Attorneys representing the wife of the Florida night club shooter could face sanctions by a federal judge. U.S. District Judge Paul Byron on Thursday is asking Noor Salman's attorneys if they violated court rules on the disclosure of information about an expert witness. It's unclear what the exact problem is since the judge sealed another order outlining the details. Salman has entered a plea of not guilty on charges of obstruction and aiding and abetting her deceased husband, Omar Mateen.
By TERRANCE HARRIS, Associated Press
ORLANDO — A federal judge has warned the legal team defending the widow of the Pulse nightclub shooter not to miss any more court deadlines. U.S. District Court Judge Paul G. Byron decided Thursday not sanction the defense team of Noor Salman after they explained why they missed an Aug. 1 deadline to present expert witnesses.
Former UCF kicker Donald De La Haye says all he wanted to do was follow his passion and make a little money with videos he posted on YouTube. But since some of those videos included his experiences as a student-athlete, it wasn't that simple. UCF and the NCAA offered De La Haye an alternative that he felt was "very unfair." "They wanted me to give up my money that I made, which is crazy," De La Haye said in a video he posted Monday night.
Muck Rack makes it simple to find people, tweets, or articles that mention any name, keyword, company, hashtag etc. We've compiled this guide to help you make the most of your search.
Selecting a term
Start searching tweets, articles from media outlets, articles mentioned in tweets, journalists'
names, titles and bios with some suggested searches:
Companies or Topics (e.g. iPhone, Microsoft)
Phrases (e.g. "cloud computing") — use quotes to keep the terms together
Twitter handles (e.g. @username) — returns those who have mentioned or replied to
Names (e.g. "David Pogue")
Hashtags (e.g. #sxsw, #london2012)
Bio details (e.g. vegan, Olympics, father)
Muck Rack's Advanced Search allows for many boolean operators.
Find results that mention multiple specified terms, use AND or
+. For example, ensure each result contains both Elon Musk and Mark Zuckerberg by
searching Obama AND Romney or Obama + Romney.
Use the operators OR or , to broaden your search when you'd like either of
multiple terms to appear in results. (This is the default behavior of our search when no operators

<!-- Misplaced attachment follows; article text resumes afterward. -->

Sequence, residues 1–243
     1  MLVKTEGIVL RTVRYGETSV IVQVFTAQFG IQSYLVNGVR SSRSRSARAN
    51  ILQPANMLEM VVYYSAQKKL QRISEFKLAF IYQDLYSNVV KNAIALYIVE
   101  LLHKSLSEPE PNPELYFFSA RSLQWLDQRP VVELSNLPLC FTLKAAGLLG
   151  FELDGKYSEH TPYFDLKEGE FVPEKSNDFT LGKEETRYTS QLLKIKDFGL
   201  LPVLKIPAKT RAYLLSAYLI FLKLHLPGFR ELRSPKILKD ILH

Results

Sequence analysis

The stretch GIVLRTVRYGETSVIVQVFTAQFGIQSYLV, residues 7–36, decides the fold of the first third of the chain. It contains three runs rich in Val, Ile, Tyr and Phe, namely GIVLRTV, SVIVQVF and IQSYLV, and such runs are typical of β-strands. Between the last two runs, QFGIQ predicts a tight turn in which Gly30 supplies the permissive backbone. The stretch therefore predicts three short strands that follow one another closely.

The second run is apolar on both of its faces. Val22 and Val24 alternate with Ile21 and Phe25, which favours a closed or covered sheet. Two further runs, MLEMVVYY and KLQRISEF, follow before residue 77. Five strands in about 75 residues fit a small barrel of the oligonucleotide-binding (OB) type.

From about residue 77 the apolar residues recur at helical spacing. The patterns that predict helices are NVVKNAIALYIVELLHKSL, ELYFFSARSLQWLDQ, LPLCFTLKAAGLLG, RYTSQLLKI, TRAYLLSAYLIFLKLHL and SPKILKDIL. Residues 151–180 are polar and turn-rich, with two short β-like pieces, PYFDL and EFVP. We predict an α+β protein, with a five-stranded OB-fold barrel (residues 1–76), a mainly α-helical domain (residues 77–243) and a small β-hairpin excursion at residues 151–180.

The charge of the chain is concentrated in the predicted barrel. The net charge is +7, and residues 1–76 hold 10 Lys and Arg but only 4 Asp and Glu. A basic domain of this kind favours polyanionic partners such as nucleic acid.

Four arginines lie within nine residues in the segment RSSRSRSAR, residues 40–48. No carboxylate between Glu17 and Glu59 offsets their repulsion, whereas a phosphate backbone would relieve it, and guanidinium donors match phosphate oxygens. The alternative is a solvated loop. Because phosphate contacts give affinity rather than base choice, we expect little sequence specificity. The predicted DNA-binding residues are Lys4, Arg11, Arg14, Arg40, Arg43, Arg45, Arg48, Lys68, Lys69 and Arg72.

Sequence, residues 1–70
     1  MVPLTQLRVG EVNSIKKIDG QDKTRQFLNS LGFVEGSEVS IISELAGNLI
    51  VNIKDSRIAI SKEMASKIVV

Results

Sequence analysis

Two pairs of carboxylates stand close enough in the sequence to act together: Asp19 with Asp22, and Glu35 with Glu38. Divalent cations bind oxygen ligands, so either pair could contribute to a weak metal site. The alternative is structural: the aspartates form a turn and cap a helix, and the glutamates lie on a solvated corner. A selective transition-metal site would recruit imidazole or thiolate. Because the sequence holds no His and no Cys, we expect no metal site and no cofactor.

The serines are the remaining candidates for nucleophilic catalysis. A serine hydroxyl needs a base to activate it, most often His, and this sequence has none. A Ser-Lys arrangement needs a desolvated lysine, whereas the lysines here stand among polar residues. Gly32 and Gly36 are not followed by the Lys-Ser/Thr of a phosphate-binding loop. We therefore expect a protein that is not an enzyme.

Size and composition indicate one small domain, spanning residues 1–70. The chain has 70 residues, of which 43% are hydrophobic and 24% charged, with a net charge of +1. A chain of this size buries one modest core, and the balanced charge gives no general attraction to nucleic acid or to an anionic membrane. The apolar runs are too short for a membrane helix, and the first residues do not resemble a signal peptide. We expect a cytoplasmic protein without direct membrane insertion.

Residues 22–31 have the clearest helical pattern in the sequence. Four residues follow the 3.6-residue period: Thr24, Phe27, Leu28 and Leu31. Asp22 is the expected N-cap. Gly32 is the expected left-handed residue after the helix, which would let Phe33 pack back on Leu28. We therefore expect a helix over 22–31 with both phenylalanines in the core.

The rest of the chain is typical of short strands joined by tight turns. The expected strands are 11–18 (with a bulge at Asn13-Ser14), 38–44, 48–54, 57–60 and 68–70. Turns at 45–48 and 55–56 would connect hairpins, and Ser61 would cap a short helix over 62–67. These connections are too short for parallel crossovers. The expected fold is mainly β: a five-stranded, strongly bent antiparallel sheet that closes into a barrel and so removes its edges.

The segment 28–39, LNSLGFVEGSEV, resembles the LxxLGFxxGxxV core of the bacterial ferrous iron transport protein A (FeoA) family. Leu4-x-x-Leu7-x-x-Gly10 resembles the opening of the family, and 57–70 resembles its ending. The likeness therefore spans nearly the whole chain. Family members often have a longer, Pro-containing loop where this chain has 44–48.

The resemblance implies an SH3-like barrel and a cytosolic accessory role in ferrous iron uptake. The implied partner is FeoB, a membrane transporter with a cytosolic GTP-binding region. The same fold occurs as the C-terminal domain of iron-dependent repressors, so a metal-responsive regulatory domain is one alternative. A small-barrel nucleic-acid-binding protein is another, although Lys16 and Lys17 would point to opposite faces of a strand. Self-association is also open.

are used.) For example, search for democrat OR republican to find results that refer to
Democrats and/or Republicans.
Use NOT or - to subtract results from your search. For
example, searching Disney will yield results about the Walt Disney Company as well as Walt Disney
World Resort. To exclude mentions of Disney World, search for Disney -World or Disney
When using one of these operators with a phrase, enclose it in quotation marks. For example, you can
find results about smartphones excluding Apple's iPhone 4S by searching smartphone -"iPhone
Exact case matching or punctuation
If you're searching for a brand name or keyword that relies on specific punctuation marks or capitalization, you can
find results that match your exact query by adding matchcase: before the keyword you're searching for, like matchcase:E*TRADE .
Use parentheses to separate multiple
boolean phrases. For example, to find journalists talking about having fun in Disney World or
Disneyland, search for ("disney world" OR disneyland) AND fun.
An asterisk can be used to search for any variation of a root word truncated by the asterisk. For example, searching for admin* will return results for administrator, administration, administer, administered, etc.
A near operator is an AND operator where you can control the distance between the words. You can vary the distance the near operation uses by adding a forward slash and number (between 0-99) such as strawberries NEAR/10 "whipped cream", which means the strawberries must exist within 10 words of "whipped cream".